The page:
Wednesday, February 4, 2015

Race Relations Addendum

I typed and shot off my blog post this morning much more quickly than usual.  I wanted it out today, and I was spending the majority of the day in the car transporting to and from an urgent therapy appointment.

So, I've already been criticized for my poor writing.  Which made me chuckle.  It's not someone who knows me AT ALL.  So, they don't know. And it almost makes me want to write "incredibly poorly" again.  (One of my character flaws.  Sorry, not sorry.)  Incidentally, looking back at my previous post pre-criticism, I knew there were more errors than I prefer.  With more time, I would have cleaned it up a bit, but I felt pressed to get this out.  From some private conversations I have had already today because of the 1st post, I am glad that it went out, errors and all.

AND.  The reason I am adding this follow up is I meant to add some resources for you if you wish to learn more, dig deeper, and change hearts--your own and/or others.  (And I was going to do this when I sat down to type and saw the criticism of my writing.)  I have already heard from some of you and the trying racial situations you are in.  I understand.  I am sorry that you are not feeling valued, or heard, or that you have a voice.

I am incredibly sorry that some of you who are fighting for love and equality are having to do so in Christian situations and churches.  I do know that it does.  Some of the worst we have experienced have been in those same situations.  I know the disappointment is so great, because we expect better of those who claim Jesus as their Savior.  I keep telling myself that I shouldn't expect better of faith families, but that part of me keeps hoping for and wanting better.  No matter the dominant race in a church, Church Hour is still the most SEGREGATED HOUR OF THE WEEK. So, I also want to address a couple of things that I did not put into my first post on this topic today.

Adding to my "things we've experienced section..."

5.  It doesn't mean anything when my child says he or she doesn't like your child's brown/black skin or tells your child that he/she can't play with them.

  • This makes me want to curse a blue streak and snatch someone bald.  
  • My child who heard this at ages 4-5, did know what it meant.  And she's never been the same.  At that age, she started wetting the bed at night, cried about these statements.
  • From that point on, when others stared at our family, yep it happens, she automatically assumed they didn't like us or her.  For years, we have tried to help her change her perspective to consider that these people might be thinking, "What a beautiful, unique family.  Aren't they lucky to have that precious child!"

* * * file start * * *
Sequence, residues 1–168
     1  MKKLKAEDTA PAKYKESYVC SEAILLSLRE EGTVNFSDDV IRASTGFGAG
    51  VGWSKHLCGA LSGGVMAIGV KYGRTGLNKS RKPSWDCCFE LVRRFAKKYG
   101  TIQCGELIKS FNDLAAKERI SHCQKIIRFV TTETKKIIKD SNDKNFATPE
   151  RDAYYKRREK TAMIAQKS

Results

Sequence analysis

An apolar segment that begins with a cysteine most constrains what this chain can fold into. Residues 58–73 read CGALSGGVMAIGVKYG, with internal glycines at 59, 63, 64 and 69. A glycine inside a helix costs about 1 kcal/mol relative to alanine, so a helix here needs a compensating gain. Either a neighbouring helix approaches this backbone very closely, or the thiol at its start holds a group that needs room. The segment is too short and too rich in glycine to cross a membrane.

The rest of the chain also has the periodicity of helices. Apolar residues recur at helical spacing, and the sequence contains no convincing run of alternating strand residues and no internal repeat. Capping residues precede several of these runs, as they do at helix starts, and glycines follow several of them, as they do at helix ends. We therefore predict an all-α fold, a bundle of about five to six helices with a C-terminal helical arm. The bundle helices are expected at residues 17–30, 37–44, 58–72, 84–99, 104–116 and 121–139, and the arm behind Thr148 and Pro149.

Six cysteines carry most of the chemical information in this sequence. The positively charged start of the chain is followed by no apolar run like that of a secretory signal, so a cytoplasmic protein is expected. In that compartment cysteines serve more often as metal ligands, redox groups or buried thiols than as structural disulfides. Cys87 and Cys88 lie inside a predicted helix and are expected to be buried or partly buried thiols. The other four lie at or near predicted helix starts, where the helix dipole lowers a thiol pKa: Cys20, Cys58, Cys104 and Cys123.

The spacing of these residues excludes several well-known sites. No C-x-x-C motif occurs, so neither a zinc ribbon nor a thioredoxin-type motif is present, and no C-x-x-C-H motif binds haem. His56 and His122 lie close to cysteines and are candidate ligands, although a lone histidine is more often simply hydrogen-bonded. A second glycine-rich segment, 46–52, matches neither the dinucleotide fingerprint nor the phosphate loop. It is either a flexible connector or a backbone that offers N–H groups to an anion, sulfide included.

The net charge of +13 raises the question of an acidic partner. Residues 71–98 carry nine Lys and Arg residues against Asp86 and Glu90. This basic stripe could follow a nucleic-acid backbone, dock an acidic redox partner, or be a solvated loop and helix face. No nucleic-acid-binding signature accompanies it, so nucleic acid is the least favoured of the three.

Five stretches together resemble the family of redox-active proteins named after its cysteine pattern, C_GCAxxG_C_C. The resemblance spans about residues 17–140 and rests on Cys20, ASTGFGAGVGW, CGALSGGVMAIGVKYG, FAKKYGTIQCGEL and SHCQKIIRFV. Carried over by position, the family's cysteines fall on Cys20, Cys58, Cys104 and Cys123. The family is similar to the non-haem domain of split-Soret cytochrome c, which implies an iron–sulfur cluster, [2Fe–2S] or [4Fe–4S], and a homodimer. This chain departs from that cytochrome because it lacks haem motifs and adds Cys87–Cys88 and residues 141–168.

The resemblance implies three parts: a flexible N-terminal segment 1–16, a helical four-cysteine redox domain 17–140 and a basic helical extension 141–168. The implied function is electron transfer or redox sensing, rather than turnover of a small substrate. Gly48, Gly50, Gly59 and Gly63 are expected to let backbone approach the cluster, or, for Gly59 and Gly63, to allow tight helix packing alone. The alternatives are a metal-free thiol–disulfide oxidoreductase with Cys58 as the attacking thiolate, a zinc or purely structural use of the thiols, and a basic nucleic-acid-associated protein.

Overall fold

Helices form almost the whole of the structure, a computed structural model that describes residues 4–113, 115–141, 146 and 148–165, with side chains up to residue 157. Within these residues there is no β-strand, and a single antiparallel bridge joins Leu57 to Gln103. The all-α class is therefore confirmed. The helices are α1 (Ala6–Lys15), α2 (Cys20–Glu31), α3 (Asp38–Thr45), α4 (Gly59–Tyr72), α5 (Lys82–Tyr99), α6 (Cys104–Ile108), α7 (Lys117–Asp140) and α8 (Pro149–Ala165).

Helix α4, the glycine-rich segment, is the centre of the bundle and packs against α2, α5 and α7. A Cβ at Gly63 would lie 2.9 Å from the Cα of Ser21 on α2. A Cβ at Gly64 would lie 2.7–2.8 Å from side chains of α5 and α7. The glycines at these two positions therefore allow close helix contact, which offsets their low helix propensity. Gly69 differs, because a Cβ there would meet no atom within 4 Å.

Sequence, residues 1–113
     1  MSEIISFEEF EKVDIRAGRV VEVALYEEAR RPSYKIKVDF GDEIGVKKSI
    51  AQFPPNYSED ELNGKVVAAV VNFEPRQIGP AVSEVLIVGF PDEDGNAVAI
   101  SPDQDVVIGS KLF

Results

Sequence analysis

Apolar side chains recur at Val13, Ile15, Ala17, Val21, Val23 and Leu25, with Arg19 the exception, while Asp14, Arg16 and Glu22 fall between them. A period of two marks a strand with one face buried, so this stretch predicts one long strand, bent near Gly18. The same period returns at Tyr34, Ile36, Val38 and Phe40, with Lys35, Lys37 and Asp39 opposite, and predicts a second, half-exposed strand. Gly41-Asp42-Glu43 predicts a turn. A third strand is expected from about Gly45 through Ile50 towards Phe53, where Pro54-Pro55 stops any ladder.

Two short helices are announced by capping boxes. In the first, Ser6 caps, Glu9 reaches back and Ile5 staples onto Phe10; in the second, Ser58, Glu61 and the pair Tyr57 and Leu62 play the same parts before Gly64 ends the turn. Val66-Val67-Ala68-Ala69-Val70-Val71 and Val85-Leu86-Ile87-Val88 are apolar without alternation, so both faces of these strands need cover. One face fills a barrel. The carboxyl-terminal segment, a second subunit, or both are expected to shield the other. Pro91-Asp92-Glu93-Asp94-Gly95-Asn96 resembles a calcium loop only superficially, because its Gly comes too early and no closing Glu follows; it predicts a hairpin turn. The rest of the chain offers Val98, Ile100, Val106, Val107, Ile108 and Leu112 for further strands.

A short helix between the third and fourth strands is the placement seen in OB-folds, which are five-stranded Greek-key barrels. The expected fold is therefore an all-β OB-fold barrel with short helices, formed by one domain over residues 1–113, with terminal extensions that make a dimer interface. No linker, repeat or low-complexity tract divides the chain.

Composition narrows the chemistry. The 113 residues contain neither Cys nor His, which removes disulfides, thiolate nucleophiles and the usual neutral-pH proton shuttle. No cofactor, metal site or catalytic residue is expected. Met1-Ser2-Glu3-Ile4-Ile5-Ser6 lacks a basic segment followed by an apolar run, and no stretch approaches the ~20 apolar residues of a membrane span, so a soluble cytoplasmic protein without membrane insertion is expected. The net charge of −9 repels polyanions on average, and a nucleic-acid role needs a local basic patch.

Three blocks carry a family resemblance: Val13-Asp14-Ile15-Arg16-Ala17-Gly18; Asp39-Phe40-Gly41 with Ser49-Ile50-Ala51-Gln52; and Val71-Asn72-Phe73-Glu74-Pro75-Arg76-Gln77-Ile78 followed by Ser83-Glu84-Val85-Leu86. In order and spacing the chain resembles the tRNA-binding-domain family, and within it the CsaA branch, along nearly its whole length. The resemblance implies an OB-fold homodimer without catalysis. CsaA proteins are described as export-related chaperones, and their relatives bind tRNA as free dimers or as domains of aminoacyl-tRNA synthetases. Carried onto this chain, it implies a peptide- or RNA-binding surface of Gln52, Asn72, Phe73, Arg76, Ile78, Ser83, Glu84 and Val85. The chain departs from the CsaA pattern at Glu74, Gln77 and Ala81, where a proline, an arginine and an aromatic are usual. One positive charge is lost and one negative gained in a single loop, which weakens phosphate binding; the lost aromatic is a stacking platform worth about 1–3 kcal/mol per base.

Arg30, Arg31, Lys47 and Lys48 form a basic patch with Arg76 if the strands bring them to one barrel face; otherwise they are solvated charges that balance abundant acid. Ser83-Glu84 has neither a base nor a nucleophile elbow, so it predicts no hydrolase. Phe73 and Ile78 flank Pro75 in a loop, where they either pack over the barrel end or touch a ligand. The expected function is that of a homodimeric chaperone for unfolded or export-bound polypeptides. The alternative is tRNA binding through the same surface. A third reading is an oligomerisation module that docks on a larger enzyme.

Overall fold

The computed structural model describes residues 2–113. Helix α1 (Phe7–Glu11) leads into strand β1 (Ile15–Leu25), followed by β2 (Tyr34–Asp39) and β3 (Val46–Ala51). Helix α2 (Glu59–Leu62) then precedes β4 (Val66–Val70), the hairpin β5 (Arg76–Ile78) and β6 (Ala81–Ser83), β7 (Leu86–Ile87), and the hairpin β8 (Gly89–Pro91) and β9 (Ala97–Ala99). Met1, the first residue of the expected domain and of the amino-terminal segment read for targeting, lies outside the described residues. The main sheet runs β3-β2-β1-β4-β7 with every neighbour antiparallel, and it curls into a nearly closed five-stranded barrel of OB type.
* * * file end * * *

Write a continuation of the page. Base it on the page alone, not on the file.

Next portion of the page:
• We changed churches at that time.  This is where this situation occurred, and we needed an environment for our child and our family at that time which could minister to us about this and empower us and our child.  This is precisely when we moved to a wonderful mostly black church.
  • The most harmful parts of this situation are NOT what the CHILDREN did.  It was how their parents responded to us when we spoke with them about it.  For those who were floored and had their young children learn to make an apology by drawing a picture, had important conversations, our relationships were not harmed.  We understand errors and how important those teachable moments are for all of us.  With the adults whom dismissed our concerns and said the kids didn't really understand what was being said, that it was just like saying, "I don't like the color of your shirt."  These relationships changed dramatically.  We couldn't trust them with the heart of our child.  I'd also like to send them some of our therapy bills from that time and its scars.
6.  Earlier this year, Jerica was asked to a school dance by a boy (yes, black).  He came over with his mom to meet us a few days before the dance.  He had asked Jerica some questions before hand about what he should call us and what we were like.  Jerica's 1st response to him was pretty telling.  She said in a text, "Well, they're white, but they're not racist. Obviously."

Following are books that have added to our understanding greatly, and I recommend them.

I'm Chocolate, and You're Vanilla by Wright

Different and Wonderful by Hopson and Hopson

Loving Across the Color Line by Rush

Of Many Colors:  Portraits of Multiracial Families by Kaeser & Gillespie

Another resource for transracial families primarily formed through adoption, fostering, etc., there is a great book company that we have used for all of our children's lives.  Tapestry Books has books for children, parents, teens, birth mothers, foster families, transracial  and international families, same sex parenting, etc.  Check them out!  Affordable and quick shipping.

Below I have included links to a couple of books related to Race and Religion and church.  While we were attending the black church, we participated in a book study addressing these topics in a group of both black and white church members.  I cannot find that book or remember the name of it to share with you.  I have not read the books below, but they are on my long, never ending list of books I'm going to read.  Based on descriptions and my knowledge and experience, these books look very worth while.

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